Chemistry is an experimental science, therefore it is necessary to be able to work with units and measurements accurately.
There are also some important non-SI units as well.
Fundamental constants commonly used in chemistry |
Name |
Symbol |
Constant |
Avogadro’s # |
NA |
6.02 X 1023 mol-1 |
Speed of light |
c |
3.0 X 108 m/s |
Gas constant |
R |
8.31 |
0.0821 |
Planck’s constant |
h |
6.63 x 10-34 J·s |
Charge of electron |
e |
1.6 x 10-19 C |
Atomic mass unit |
m |
1.66 x 10-24 g |
Std Temp & Pressure |
STP |
273.15 K & 1 atm |
Math skills are needed throughout a chemistry course.
Algebra
Algebra is used to solve equations by un-doing whatever is being done to an unknown variable. For example, if an equation has “x+2” then you would subtract “2” to solve for “x”. Everything that is done to one side must be done to the other side of the equation as well.
Calculations with significant figures
You cannot become more precise after completing calculations than the original data was. Therefore, it is important to write the answer with the correct number of significant figures. When adding and subtracting with significant figures, you write the answer with the least number of decimal places that are in the problem. When multiplying and dividing, write the answer with the least number of significant figures as is in the problems.
Scientific Notation
Scientific notation is a way of writing large or small numbers as a multiple of 10. The decimal place is always placed behind the first non-zero number and the number of times the decimal point was moved to get there is used as the exponent of 10. Positive exponents represent large numbers (>1) and negative exponents represent small numbers (<1).
Exponents
Several rules are used for exponents:
- Anything to the 1st power = the original number
- Anything to the power of 0 = 1
- When multiplying numbers with exponents, if the #’s are the same, you can add the exponents and put the total with the original number
- When dividing numbers with exponents, if the #’s are the same, you can subtract the exponents and put the difference with the original number
- When taking a power to a power, multiply the powers
- A negative power indicates that it’s on the opposite side of the fraction
There are similar rules when working with scientific notation numbers:
- Addition with same powers of 10: Add the numbers and keep the power of 10 the same.
- Subtraction with the same powers of 10: Subtract the numbers and keep the power of 10 the same.
- Multiplication: Multiply the numbers and add the powers of 10
- Division: Divide the numbers and subtract the powers of 10
- Power: Take the number to that power and multiply the power of 10 by the power
- Roots: Take the root of the number and divide the power of 10 by the root
Logarithms
Logarithms are a way of counting in multiples of a base number. If then . If no base is specified, it’s assumed to be 10. A natural log (ln) uses the base of “e” (2.313).
Quadratic Formula
The quadratic formula is used to solve for a variable when there is the variable to the 2nd power and to the 1st power in the same equation. If then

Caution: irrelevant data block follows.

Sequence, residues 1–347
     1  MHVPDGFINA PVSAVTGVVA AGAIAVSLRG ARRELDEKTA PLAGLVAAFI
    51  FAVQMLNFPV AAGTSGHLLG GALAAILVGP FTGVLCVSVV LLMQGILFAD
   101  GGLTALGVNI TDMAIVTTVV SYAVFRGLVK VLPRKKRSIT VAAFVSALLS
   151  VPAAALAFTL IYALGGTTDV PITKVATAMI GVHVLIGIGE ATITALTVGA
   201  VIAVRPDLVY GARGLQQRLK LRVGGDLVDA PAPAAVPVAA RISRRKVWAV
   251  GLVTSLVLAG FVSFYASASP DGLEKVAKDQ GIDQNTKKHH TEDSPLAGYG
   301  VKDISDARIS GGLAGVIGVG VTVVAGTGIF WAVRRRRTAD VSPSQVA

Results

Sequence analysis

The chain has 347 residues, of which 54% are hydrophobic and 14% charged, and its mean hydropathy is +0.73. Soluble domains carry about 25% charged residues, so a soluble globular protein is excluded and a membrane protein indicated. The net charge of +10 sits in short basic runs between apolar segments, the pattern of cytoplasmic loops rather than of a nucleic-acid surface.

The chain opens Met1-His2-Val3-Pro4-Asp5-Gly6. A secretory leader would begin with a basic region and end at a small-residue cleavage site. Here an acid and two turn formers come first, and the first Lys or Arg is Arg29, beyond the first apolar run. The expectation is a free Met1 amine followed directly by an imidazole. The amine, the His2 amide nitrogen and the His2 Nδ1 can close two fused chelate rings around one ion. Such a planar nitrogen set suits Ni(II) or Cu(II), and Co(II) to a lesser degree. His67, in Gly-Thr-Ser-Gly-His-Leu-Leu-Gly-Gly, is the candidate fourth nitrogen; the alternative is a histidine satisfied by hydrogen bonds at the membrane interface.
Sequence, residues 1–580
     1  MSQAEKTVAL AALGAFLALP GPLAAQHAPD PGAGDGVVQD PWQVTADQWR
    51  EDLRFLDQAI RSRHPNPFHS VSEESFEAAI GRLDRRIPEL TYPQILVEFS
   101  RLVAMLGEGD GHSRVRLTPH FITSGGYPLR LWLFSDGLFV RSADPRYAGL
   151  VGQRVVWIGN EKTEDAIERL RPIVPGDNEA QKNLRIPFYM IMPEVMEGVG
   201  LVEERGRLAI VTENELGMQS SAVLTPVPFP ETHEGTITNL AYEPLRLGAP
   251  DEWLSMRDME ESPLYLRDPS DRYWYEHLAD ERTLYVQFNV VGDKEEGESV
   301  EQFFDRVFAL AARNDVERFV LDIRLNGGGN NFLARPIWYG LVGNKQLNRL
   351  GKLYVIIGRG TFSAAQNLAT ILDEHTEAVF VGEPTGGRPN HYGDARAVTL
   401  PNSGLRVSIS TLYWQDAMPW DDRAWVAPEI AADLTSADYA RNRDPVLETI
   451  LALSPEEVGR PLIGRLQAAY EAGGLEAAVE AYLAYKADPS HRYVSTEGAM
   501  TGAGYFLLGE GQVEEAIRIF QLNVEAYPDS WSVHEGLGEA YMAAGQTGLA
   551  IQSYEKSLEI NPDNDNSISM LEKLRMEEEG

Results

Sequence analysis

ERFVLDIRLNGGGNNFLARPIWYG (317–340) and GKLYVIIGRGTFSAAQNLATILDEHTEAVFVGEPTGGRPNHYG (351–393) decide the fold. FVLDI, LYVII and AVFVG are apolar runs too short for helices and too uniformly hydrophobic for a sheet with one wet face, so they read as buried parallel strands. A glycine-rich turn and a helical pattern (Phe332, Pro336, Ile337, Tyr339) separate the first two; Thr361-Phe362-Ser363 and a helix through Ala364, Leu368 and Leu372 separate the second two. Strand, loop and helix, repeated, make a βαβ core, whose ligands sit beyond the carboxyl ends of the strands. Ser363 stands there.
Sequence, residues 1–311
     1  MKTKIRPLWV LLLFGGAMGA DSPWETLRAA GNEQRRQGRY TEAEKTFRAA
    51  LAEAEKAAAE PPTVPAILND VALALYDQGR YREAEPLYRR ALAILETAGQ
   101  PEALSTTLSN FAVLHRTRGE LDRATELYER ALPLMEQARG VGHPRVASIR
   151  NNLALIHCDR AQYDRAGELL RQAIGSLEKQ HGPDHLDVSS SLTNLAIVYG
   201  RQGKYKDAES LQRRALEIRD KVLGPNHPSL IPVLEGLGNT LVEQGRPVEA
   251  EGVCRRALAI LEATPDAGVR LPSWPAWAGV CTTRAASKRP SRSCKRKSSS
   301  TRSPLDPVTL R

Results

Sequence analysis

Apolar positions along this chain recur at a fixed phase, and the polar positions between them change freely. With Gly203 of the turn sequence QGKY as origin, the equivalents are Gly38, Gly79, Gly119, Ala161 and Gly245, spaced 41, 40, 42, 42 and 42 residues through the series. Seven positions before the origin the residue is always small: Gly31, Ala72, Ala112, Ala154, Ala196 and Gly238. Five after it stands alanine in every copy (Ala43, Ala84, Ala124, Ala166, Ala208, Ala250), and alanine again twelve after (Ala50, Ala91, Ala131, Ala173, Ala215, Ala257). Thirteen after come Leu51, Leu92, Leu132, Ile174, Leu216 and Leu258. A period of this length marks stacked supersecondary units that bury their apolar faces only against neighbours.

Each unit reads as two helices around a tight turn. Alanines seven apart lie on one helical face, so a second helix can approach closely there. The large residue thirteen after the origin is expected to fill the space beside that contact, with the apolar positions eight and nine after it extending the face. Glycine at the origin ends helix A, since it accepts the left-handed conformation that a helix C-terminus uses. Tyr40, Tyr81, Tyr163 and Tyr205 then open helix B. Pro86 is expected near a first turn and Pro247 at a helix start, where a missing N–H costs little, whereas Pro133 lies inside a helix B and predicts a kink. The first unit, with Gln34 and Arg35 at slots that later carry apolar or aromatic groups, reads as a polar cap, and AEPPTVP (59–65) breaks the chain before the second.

Calculator Tips
People often get incorrect answers simply from a mistake in the way they enter numbers into their calculator. When dividing by more than one number, use the ¸ button each time. When entering scientific notation, always use the EE (or EXP) button rather than entering (^10). Be sure to use parenthesis around addition and subtraction when combining with multiplication and division, and also when taking a value (especially a negative value) to a power.
Dimensional analysis is used to convert units.
The Principle Behind Dimensional Analysis
The guiding principle of dimensional analysis is that you can multiply anything by “1” without changing the meaning. An equality set into a fraction formation = 1. For example, if x = y, then x/y = 1 and y/x = 1. Therefore, the equalities can be set into fractions and multiplied to convert units.
Another concept necessary to understanding dimensional analysis is that units that are on the top and bottom of an expression cancel out.
Equalities Commonly used in Dimensional Analysis
Several equalities are used often in chemistry.
Equalities commonly used in chemistry |
4.18 J |
1.00 cal |
1 Å |
10‑10 m |
1 cm3 |
1 mL |
1 dm3 |
1 L |
1 in |
2.54 cm |
1 kg |
2.2 lb |
1 atm |
101.3 kPa |
1 atm |
760 mm Hg |
1 mole |
6.02 ´ 1023 pieces |
Metric prefixes are also used to form equalities between different metric units.
Dimensional Analysis
To work dimensional analysis problems:
- Write your known down on the left side
- Write down “=__________ [desired unit]” at the right side
- Identify equalities that will get you from the known information to the desired unit. If there is no equality that involves both the known and unknown, you’ll have to find more than one to more than one step.
- Arrange the equalities into a fractional form so that the known unit will cancel out and the desired unit will be left.
- Multiply across the top of the expression and divide numbers on the bottom